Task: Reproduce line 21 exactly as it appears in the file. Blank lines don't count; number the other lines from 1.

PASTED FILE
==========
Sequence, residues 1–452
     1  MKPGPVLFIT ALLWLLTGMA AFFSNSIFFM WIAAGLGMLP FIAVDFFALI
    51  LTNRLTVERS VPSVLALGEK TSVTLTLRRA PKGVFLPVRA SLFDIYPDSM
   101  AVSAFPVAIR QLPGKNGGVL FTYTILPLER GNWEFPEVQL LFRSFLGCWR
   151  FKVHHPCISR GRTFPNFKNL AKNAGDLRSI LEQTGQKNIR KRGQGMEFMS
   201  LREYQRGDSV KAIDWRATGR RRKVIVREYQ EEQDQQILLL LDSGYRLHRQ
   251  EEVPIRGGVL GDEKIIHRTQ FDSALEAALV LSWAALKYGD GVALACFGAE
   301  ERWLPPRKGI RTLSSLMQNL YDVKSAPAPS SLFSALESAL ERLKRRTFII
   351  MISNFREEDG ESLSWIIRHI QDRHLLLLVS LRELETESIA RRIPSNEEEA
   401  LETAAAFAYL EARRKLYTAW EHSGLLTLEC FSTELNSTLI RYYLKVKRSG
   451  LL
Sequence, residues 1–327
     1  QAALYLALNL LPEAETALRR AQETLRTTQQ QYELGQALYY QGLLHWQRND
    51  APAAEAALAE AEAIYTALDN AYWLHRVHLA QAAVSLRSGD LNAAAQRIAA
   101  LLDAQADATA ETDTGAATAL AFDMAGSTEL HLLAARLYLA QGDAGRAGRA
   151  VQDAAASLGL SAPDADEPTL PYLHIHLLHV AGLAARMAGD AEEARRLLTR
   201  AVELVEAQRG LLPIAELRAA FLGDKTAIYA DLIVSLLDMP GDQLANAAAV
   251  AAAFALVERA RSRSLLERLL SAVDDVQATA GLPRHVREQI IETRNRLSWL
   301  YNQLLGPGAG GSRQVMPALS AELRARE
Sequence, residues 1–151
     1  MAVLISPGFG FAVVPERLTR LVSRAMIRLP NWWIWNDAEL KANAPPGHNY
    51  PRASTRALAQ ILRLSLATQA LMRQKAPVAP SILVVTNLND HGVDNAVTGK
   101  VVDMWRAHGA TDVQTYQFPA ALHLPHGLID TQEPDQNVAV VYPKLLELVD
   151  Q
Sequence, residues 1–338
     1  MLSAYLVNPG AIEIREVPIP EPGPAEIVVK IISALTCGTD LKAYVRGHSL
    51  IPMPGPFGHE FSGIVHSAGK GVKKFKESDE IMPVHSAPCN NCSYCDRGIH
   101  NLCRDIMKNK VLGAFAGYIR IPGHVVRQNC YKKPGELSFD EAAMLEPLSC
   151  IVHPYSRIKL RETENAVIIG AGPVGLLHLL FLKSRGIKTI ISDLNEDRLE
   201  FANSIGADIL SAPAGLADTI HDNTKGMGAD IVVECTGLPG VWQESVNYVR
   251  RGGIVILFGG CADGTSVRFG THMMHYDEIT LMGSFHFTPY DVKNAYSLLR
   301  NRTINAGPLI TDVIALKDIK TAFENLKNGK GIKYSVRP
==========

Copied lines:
     1  MAVLISPGFG FAVVPERLTR LVSRAMIRLP NWWIWNDAEL KANAPPGHNY